The incandescent light bulb, incandescent lamp or incandescent light globe is a source of electric light that works by incandescence (a general term for heat-driven light emissions which includes the simple case of black body radiation). An electric current passes through a thin filament, heating it until it produces light. The enclosing glass bulb prevents the oxygen in air from reaching the hot filament, which otherwise would be destroyed rapidly by oxidation. Incandescent bulbs are also sometimes called electric lamps, a term also applied to the original arc lamps.
Incandescent bulbs are made in a wide range of sizes and voltages, from 1.5 volts to about 300 volts. They require no external regulating equipment and have a low manufacturing cost, and work well on either alternating current or direct current. As a result the incandescent lamp is widely used in household and commercial lighting, for portable lighting, such as table lamps, some car headlamps and electric flashlights, and for decorative and advertising lighting.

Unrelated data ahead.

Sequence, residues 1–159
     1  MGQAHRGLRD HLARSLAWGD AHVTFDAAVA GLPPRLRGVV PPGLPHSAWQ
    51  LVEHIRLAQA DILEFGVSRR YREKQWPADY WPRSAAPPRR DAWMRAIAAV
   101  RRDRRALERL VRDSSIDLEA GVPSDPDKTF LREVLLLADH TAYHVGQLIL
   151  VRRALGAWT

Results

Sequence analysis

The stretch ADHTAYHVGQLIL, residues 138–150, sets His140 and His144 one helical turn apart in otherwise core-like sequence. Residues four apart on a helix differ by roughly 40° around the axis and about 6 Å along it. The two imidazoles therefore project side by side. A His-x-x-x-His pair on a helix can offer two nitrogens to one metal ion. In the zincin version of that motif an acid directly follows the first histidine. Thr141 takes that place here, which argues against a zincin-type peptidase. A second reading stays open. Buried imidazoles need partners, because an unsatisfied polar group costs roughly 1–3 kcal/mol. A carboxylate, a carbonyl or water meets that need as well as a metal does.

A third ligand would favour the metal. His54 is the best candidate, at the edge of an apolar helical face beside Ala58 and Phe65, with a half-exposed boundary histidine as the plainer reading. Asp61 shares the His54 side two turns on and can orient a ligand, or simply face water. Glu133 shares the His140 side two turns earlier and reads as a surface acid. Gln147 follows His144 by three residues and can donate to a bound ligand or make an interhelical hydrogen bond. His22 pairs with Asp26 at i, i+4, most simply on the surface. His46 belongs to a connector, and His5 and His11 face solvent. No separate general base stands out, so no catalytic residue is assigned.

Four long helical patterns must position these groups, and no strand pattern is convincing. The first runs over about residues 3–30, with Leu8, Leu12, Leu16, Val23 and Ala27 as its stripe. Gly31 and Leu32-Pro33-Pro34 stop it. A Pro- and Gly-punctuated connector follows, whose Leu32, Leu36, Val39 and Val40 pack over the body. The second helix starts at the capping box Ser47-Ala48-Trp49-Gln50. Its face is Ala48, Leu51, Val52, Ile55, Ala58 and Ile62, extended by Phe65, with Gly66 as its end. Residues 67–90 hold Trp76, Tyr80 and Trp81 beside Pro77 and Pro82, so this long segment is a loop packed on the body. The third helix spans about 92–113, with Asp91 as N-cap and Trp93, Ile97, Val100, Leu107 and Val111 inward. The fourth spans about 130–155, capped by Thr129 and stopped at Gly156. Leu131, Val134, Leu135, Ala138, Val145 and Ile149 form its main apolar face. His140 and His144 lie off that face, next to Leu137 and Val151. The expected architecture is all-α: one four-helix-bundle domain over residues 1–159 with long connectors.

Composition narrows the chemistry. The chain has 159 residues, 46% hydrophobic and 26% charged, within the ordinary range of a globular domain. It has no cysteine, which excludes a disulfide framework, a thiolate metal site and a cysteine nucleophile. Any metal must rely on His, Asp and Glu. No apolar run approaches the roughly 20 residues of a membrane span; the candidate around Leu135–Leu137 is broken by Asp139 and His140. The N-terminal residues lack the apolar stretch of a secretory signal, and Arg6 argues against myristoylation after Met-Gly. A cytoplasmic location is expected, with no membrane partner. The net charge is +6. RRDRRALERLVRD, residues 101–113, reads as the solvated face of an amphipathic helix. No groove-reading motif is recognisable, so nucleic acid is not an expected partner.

Some applications of the incandescent bulb make use of the heat generated, such as incubators, brooding boxes for poultry, heat lights for reptile tanks, infrared heating for industrial heating and drying processes, and the Easy-Bake Oven toy. In cold weather the heat shed by incandescent lamps contributes to building heating, but in hot climates lamp losses increase the energy used by air conditioning systems.
Incandescent light bulbs are gradually being replaced in many applications by other types of electric light such as (compact) fluorescent lamps, high-intensity discharge lamps, light-emitting diodes (LEDs), and other devices. These newer technologies give more visible light for the same amount of electrical energy input, and often generate much less heat. Some jurisdictions, such as the European Union are in the process of phasing-out the use of incandescent light bulbs in favor of more energy-efficient lighting.